"It is prudent when shopping for something important, not to limit yourself to Pound land"
    • kingstreet
    • By kingstreet 8th Dec 17, 9:23 AM
    • 33,342 Posts
    • 18,034 Thanks
    kingstreet
    • #8
    • 8th Dec 17, 9:23 AM
    • #8
    • 8th Dec 17, 9:23 AM
    What is the lender isn't aware that half the deposit has come from me?
    Originally posted by TomDickorHarry
    It'll soon find out when your solicitor reports it to them.
    I am a mortgage broker. You should note that this site doesn't check my status as a Mortgage Adviser, so you need to take my word for it. This signature is here as I follow MSE's Mortgage Adviser Code of Conduct. Any posts on here are for information and discussion purposes only and shouldn't be seen as financial advice. Please do not send PMs asking for one-to-one-advice, or representation.
    • clairebeth
    • By clairebeth 9th Dec 17, 8:37 AM
    • 160 Posts
    • 69 Thanks
    clairebeth
    • #9
    • 9th Dec 17, 8:37 AM
    • #9
    • 9th Dec 17, 8:37 AM
    Even if you did manage to do it, isn't this a precarious situation to put yourself in if your marriage ends?
    • ACG
    • By ACG 9th Dec 17, 9:11 AM
    • 16,816 Posts
    • 8,773 Thanks
    ACG
    What you want can be done, but your choice of lenders who will happily do this will be very limited.

    If you try to do this by hiding the facts, you might get lucky and go to the right lender but there is a greater chance that it will all come out in the wash down the line.

    As with anything like this, do it right. Speak to a broker, they will guide you to the right lenders.
    I am a Mortgage Adviser
    You should note that this site doesn't check my status as a mortgage adviser, so you need to take my word for it. This signature is here as I follow MSE's Mortgage Adviser Code of Conduct. Any posts on here are for information and discussion purposes only and shouldn't be seen as financial advice.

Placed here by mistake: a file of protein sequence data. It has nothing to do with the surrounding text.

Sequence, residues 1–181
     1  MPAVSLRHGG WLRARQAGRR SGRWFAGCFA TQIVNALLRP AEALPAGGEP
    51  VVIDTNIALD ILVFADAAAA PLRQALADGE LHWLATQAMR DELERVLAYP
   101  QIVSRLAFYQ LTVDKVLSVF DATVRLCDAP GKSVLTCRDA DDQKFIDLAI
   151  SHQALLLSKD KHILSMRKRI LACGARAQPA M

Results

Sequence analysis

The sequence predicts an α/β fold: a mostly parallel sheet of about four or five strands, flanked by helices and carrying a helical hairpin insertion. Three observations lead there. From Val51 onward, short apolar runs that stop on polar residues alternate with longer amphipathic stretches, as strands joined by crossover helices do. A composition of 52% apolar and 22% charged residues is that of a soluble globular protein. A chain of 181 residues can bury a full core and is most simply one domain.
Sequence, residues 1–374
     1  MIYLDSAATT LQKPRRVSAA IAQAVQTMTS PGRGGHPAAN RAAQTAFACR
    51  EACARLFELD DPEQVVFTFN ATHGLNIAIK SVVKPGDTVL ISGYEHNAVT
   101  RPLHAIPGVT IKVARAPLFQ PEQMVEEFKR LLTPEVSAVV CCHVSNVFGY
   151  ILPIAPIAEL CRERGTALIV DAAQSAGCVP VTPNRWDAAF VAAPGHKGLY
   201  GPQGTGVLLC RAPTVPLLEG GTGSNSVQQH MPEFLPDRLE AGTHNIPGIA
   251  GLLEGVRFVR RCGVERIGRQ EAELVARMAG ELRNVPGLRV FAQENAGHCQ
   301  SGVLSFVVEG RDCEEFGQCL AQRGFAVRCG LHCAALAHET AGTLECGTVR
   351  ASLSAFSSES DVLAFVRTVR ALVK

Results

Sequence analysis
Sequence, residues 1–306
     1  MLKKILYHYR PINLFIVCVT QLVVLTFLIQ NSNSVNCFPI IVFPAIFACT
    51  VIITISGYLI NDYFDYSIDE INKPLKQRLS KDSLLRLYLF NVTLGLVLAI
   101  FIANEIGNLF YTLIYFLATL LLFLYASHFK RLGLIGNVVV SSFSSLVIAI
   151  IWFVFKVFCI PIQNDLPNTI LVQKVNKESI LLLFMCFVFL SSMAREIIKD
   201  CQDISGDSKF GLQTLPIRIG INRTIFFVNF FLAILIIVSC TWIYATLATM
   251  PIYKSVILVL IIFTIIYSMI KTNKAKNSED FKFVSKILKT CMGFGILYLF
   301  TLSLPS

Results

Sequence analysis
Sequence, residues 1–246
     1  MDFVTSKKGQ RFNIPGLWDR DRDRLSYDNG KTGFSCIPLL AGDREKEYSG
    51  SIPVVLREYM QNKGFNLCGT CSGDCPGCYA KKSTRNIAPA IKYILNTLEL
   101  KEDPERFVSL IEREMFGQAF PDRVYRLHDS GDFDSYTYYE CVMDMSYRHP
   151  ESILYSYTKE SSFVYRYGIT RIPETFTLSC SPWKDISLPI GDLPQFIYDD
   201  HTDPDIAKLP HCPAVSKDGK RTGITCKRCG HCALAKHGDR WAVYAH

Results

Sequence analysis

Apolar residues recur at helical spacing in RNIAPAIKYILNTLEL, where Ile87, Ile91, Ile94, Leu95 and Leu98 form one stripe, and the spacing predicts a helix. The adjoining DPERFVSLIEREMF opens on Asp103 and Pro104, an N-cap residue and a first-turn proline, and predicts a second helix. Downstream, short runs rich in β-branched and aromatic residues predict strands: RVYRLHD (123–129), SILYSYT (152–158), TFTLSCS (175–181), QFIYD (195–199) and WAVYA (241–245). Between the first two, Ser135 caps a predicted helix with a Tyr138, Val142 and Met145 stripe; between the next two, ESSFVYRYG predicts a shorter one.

• Thrugelmir
    • By Thrugelmir 9th Dec 17, 9:53 AM
    • 58,448 Posts
    • 51,817 Thanks
    Thrugelmir
    We know this means my income won't be taken into account which is fine.
    Originally posted by TomDickorHarry
    However you a financial dependent of your husband. This in itself may impact the application. As the lender may well assume you've no income of your own.

    I have some credit card debt which I'd rather he didn't know about and am worried the mortgage application will bring this to light.
    Then seems easier to come clean. Clear the debt and be party to the mortgage. Little point in paying credit interest in lieu of stamp duty.
    Last edited by Thrugelmir; 09-12-2017 at 9:55 AM.
    Financial disasters happen when the last person who can remember what went wrong last time has left the building.
    • Mnd
    • By Mnd 14th Dec 17, 5:59 PM
    • 503 Posts
    • 606 Thanks
    Mnd
    If you are, in effect, buying a house together, offering to pay half the deposit, surely you as a partnership should lay all your cards (no pun intended) on the table and make him aware of your credit card problems.
    Sort it all out now properly and avoid any situations later
    • mailmannz
    • By mailmannz 14th Dec 17, 6:58 PM
    • 290 Posts
    • 176 Thanks
    mailmannz
    Speak to a mortgage broker about the best way of doing this.

    Its not criminal to avoid paying tax. It is a criminal act to evade paying tax BUT this isn't evasion as the Government isn't owed a penny as the purchase is solely in the name of your husband.

    You aren't the first person to look at doing their mortgage like this and you most certainly won't be the last person to want to do this (and do this!).

    Mailman